A large, yellow supermoon against a black sky

Is it the moon that’s super… or is it you?

Well, a bit of both, actually.

Supermoons are captivating in a way that few visual phenomena can match. After all, who hasn’t found themselves staring at the sky saying, “wow, look how big the moon is tonight!” But its increased size is only partially down to its closeness to the earth. The special kit that truly brings the drama is simply your very own magnificent eyes and brain.

When the moon travels round the earth, it doesn’t follow the shape of it. Instead, it goes around in an ‘elliptical orbit’, which means that there are times when it’s closer to the earth than others. What we call a ‘supermoon’ is the point when the moon is both full and at its closest point to the earth, making it appear larger and brighter. So, yes, the supermoon is closer to the earth, but only about 15% bigger and brighter than a regular full moon. And that’s not really enough to be particularly noticeable to the human eye. Which begs the question… what’s happening to make it look so gigantic?

Our brilliant brains

Everything we see in the world is a result of our brain doing a really good job of interpreting information that originates from the eyes. The ‘input’ (light reflected from the thing we’re looking at) travels along the optical nerve, through the thalamus and into the visual cortex, where it undergoes a whole lot of mental processing and becomes ‘what we see’. All very straightforward so far. However, there’s a lot going on in there, including plenty of information that has already been stored. For example, when we see the same thing multiple times, our brains are already familiar with what to expect and quickly attempts to fill in the blanks. This is called ‘top-down processing’ and is simply our brains being super-efficient, anticipating what is coming and then working with any new information to create the final picture.

A fun example of top-down processing in action is called The Stroop Effect, where people are asked to identify the colours that words are printed in, but the words are also colours (the word ‘blue’ printed in black, the word ‘yellow’ printed in red etc). If the two match, it’s fine – what the brain sees and what it expects are working in harmony – but if they don’t, then the brain finds this tricky and slows down. What it expects is not what it is given.

Two diagrams that illustrate the Ponzo Illusion (top) and the Ebbinghaus Illusion (bottom). The top diagram represents two grey ladders, side by side with two orange bars across them. The first looks like the orange bars are of different widths, the second demonstrates that they are the same width by connecting them with two lines. The bottom left shows two orange circles, one surrounded by larger grey circles, the other surrounded by smaller grey circles. On the bottom right, the same diagram shows that the two orange circles are the same size by connecting them with two lines.
Top: The Ponzo Illusion Bottom: The Ebbinghaus Illusion

When what we get isn’t what we see

What has any of this got to do with supermoons? Well, the unexpected size of the moon actually has little to do with how our eyes work, so the term ‘optical’ illusion (which is often used when talking about supermoons) is, in reality, a bit misleading. Like ‘The Stroop Effect’, what’s happening is more to do with our brains attempting to efficiently make sense of the information they have been presented with. However, neuroscience still hasn’t quite nailed the precise reason for the illusion of size in the case of the supermoon, but there are some really interesting theories to consider:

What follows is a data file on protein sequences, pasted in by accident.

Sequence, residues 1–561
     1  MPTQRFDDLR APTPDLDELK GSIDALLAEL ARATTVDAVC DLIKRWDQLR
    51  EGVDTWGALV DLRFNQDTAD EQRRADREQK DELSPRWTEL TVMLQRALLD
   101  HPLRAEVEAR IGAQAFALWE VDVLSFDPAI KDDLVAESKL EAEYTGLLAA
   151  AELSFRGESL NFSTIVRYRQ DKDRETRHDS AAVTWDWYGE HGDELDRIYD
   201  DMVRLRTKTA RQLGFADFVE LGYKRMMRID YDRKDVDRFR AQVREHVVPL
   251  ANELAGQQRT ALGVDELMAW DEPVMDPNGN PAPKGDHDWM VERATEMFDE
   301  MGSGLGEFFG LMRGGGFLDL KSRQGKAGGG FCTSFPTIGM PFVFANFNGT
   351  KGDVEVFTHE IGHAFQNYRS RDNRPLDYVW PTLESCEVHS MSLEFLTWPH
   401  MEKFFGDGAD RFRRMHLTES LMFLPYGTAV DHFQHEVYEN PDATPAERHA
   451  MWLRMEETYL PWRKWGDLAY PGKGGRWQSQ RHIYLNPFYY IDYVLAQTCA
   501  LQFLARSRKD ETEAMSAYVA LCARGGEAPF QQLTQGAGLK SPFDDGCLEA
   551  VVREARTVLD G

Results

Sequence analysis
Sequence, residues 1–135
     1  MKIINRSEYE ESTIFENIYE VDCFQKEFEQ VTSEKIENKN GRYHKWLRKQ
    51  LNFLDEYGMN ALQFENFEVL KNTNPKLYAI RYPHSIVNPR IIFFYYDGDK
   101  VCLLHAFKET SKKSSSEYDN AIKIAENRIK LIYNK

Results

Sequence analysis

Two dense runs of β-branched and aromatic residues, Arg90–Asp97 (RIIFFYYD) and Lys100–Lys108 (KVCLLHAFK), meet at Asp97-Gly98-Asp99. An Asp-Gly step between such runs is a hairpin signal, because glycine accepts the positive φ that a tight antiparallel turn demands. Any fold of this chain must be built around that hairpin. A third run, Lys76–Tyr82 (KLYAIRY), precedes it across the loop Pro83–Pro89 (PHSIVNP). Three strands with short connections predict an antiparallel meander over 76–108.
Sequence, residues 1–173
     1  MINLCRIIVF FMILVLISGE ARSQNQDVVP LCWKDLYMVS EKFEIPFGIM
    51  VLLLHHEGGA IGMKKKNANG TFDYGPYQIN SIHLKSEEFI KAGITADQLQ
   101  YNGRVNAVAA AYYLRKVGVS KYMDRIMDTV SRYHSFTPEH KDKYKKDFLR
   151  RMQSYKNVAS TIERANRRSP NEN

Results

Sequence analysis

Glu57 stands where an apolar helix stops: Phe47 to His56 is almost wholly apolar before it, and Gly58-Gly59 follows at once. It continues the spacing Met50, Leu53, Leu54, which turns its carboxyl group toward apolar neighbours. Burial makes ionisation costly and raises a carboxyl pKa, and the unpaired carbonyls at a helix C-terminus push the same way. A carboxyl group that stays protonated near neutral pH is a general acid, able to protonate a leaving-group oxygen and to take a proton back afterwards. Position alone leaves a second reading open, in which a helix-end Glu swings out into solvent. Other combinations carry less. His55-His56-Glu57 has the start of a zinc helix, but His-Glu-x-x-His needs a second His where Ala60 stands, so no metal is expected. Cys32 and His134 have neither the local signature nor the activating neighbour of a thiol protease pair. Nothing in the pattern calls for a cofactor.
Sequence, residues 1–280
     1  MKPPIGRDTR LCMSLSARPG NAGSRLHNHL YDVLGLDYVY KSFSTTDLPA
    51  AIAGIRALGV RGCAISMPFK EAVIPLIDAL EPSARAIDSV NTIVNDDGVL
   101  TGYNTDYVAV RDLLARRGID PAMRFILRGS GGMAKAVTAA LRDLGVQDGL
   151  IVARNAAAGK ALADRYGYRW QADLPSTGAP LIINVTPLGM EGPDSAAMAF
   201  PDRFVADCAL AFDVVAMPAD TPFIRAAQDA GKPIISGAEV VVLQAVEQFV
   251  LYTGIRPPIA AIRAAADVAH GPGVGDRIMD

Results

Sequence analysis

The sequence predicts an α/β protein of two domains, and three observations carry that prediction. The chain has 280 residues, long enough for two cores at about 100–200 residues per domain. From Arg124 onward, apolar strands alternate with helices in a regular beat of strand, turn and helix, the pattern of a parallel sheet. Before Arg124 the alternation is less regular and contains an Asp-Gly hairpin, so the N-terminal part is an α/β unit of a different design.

The Ebbinghaus Illusion puts two circles of identical size near to each other, but one is surrounded by large circles and the other is surrounded by small circles. The second central circle will appear larger than the first central circle. In this way, the theory is that the supermoon appears huge because it may be surrounded by objects that create this comparison illusion.

The Ponzo Illusion is another theory that’s often thrown into the hat. It’s demonstrated by two straight lines that converge upwards (and seem to be disappearing into the distance) with a pair of equally sized bars across the top and bottom. However, the top bar appears to be bigger than the bottom one because the mind makes a flawed adjustment to compensate for the perceived perspective. In the context of the supermoon, this theory suggests that the brain sees the moon as further away than any reference points in the horizon and makes a similar adjustment.

A final explanation is the Flat Sky Theory. Again, around size perception, in that the human brain perceives the sky above not as a dome, but as a flattened dome, with its zenith close by and horizon far away. When the brain sees the moon against this flat sky, it appears far bigger on the horizon than at the top of the dome.

And if you want to elude the illusion?

Some people say that looking at the moon from between your legs will put it back into the correct perspective, but you might find that a little… inconvenient. Instead, try looking at the moon between your thumb and forefinger, as though you’re holding it. Or view it in isolation from the rest of the surroundings by looking through a cardboard tube.

One thing is certain; our incredible, complex brains are constantly processing the world around us as speeds that are nothing short of extraordinary. Each sense – and our senses in combination – provides our brains with more data than it’s possible for us to comprehend. So, visual illusions, rather than being considered a ‘fail’ on the part of our brains are actually a tremendous opportunity for science and our endless fascination with the supermoon is actually a starting point, if you will, for understanding and learning more and more about what it means to be human.

Written by Marie-Anne Leonard

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